http://www.archive.org/details/MonroeParkRenovationPlans2008

You can’t view it on archive.org, but if you right click the PDF link, you can select, ‘Save Link As’ to download the renovation plans to your computer. If you can’t download because you are on a public access computer, you can come by the Wingnut Anarchist Collective to view the file on our computer. We have open hours on Wednesdays and Fridays from 4-10 and you can call 804 303 5449 to arrange to stop by some other time.

Make sure you check out page 61 on the bottom left side where it has the desired ratio of homeless and homeless appearing people to everyone else- 75-100:1. Read about the plans for private security for the park.

Please download, print, and share this document with others so you can understand their plans for renovation, and also see first hand some of the troubling aspects.  When confronted, MPAC pretty much refused to take accuontability for the plan that they developed.  MPAC has also done things to deliberately become more secretive- removing their email contacts for MPAC members from their website, lying about no longer having meetings, and apparently removing the content from the link to the plan o their website. (more…)

Charles Samuels and the Monroe Park Advisory Council are putting a lot of energy into telling people that the renovations of Monroe Park must be done all at once with the entire park fenced off for the duration. The cite money as one of the major factors of this. And they have also frequently insisted that it is basically impossible to do the construction in stages. At last night’s meeting they even had Glenn Telfer, an engineer from Draper Aden Associates, get up and speak to the need to close down the entire park to do the necessary renovations.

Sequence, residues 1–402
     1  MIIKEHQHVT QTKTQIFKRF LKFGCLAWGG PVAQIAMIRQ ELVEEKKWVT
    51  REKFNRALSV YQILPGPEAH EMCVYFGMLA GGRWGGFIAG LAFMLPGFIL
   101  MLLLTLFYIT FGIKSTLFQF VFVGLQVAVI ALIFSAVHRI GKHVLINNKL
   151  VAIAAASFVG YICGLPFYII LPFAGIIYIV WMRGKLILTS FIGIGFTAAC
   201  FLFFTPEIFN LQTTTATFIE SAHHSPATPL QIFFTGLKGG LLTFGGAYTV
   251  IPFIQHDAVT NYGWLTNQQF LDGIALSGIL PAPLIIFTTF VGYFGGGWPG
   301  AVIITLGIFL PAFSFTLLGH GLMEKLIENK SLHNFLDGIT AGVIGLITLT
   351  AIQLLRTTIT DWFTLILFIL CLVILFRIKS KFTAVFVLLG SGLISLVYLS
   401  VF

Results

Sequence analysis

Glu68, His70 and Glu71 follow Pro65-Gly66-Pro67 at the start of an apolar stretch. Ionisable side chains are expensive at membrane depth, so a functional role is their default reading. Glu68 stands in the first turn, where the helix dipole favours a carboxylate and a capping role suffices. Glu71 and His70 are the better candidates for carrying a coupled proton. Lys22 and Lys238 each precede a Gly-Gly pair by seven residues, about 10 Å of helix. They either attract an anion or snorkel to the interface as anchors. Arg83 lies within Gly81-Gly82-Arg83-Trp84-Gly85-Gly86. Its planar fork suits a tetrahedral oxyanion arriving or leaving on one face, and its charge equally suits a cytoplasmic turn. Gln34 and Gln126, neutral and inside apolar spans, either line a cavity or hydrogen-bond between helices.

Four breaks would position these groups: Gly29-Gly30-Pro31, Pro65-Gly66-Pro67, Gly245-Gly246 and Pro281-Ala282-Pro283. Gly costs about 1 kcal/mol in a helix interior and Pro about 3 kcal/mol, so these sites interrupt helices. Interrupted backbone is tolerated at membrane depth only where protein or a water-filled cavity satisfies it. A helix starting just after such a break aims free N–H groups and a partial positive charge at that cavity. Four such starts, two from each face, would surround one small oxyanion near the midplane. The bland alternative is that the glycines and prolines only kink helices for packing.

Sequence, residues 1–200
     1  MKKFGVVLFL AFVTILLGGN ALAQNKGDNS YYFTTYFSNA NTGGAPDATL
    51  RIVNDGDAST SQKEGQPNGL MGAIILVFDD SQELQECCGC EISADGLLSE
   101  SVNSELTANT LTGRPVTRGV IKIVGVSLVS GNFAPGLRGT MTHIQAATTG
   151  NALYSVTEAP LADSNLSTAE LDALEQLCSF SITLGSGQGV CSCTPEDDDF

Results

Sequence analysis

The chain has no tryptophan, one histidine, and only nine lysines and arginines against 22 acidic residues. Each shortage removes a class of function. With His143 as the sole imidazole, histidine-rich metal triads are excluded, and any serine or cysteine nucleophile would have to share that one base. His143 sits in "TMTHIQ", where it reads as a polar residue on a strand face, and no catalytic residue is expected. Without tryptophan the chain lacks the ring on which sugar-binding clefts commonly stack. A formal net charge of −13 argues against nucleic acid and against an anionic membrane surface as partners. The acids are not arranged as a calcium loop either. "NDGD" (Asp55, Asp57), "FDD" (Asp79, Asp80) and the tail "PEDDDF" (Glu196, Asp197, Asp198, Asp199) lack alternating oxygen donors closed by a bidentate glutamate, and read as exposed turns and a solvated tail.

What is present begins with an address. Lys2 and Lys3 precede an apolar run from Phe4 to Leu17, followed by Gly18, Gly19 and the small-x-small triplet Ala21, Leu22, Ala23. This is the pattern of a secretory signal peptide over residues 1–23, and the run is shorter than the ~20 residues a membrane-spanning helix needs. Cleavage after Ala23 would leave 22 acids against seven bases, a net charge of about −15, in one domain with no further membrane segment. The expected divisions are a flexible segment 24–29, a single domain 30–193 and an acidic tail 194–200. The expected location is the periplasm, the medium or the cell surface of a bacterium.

However, I (Mo Karn) went up to Glenn Telfer after he spoke and asked him about the possibility of doing the renovation of Monroe Park in stages. He said it was of course possible, though potentially more costly. But plans for a staged renovation keepig a section of the park open the whole time could be made. He said if the City of Richmond wanted such plans drawn up he or his firm would.

If you think about it, lots of utility work and construction on public use areas is done in stages. Take roads for example. When a highway like 64 has to be repaved, they do not just shut down the entire highway to repave it at once. They repave roads in stages. Yes, it takes longer and can cost more money to do this work in stages. However, VDOT and the City of Richmond frequently do important renovation work in stages because they are balancing the financial cost with the human cost. It would be incredibly inconvenient for entire roads to be shut down for repaving, or entire lengths of roads shut down at once for working on water mains or what have you.

Public works projects are commonly done in stages, at a slightly higher cost, because the idea is to avoid inconveniencing people too much during renovations. It is possible that the only reason this has not been the suggested method of construction in this case is because the folks making decisions about the Monroe Park plans do not place value on the people they will be inconveniencing the most. At best this is an oversight on their part. One which we wish to point out.  The people who use Monroe Park ARE valuable. It would be incredibly harmful for a variety of reasons to shut down the entire park, just like it would too harmful to shut down all of Chamberlayne to re-pave it. The park is used by a lot of different people and has developed many different types of community and connection through the interactions of people in that space. Not only will homeless people be inconvenienced, but also VCU students, Oregon Hill residents, and many others.